C.S. Lewis, Mere Christianity: Analysis and Application Part XII, Lewis on Pride


Jack and Joy

St. Augustine wrote in the fourth century that the first thing that overcame man would be the last thing he will overcome. Augustine referred here to pride. Pride is that infelicitous malady that at the moment we think we don’t have it, we do. It is so wrapped up with our humanity that we cannot escape it. We may control it, but before we know it, we are overcome by it.

Indeed it was pride that led Eve to eat of the fruit. She pictured herself as a goddess ruling Eden. It was also Adam’s pride that kept him from interfering with Eve’s pride, for Adam thought he too could become god.

Our forefather plunged us into this estate wherein we pride ourselves for being proud. C.S. Lewis echoes Augustine when he writes:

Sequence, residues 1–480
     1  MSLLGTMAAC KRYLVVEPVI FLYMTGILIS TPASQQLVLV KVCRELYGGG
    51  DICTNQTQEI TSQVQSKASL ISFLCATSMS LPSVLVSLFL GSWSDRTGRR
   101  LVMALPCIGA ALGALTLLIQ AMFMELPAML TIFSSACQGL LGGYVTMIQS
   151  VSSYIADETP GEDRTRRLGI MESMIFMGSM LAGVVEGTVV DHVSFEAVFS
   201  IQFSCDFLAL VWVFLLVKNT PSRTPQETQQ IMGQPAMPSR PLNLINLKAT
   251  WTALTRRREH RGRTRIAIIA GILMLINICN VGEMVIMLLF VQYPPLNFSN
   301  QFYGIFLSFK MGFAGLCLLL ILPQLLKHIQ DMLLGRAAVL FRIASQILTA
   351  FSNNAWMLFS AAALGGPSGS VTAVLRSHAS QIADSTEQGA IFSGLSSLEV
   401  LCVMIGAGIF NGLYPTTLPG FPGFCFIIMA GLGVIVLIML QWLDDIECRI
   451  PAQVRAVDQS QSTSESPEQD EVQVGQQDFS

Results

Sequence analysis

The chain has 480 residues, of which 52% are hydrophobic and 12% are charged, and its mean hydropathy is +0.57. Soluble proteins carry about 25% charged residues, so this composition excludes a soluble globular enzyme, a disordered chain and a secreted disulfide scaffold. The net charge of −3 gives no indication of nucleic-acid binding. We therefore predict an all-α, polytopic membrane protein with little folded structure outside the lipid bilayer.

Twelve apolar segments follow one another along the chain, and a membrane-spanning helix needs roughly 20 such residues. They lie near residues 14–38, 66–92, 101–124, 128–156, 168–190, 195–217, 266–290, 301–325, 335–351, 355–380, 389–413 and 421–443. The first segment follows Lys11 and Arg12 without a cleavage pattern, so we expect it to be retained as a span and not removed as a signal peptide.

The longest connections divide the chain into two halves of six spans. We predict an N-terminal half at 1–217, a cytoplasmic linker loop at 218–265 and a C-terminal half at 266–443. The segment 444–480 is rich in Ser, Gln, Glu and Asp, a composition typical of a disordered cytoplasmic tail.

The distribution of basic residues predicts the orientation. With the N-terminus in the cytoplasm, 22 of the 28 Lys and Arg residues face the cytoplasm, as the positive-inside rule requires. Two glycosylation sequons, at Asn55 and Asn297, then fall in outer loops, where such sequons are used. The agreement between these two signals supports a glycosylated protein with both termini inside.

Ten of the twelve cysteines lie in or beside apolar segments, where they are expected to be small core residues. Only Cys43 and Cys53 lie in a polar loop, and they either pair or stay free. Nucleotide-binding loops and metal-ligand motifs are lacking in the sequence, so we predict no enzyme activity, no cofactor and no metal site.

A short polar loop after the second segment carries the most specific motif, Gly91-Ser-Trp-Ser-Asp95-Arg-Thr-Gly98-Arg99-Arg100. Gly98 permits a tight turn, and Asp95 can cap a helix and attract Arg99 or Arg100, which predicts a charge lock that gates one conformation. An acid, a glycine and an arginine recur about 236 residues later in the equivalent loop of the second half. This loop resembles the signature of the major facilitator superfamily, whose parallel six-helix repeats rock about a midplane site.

According to Christian teachers, the essential vice, the utmost evil, is Pride.[1]

Our pride conflicts with other people’s pride and in the end we are caught in that vicious cycle. When we get annoyed with others because they are proud or when we are not the center of attention, or someone is praised, but us, we are back to that misery.

C.S. Lewis comments:

If anyone would like to acquire humility, I can, I think, tell him the first step. The first step is to realize that one is proud. And a biggish step, too. At least, nothing whatever can be done before it. If you think you are not conceited, it means you are very conceited indeed.[2]

No one is immune to such corruption. To firstly admit pride is to advance against this great evil. For though the Lord is high, he regards the lowly, but the haughty he knows from afar (Psalm 138:6).


[1] Mere Christianity, pg. 109.

[2] Pg. 114.


About Uri Brito

I am the Pastor of Providence Church (CREC) in Pensacola, Fl.
This entry was posted in C.S. Lewis, Christian Living, Humility. Bookmark the permalink.

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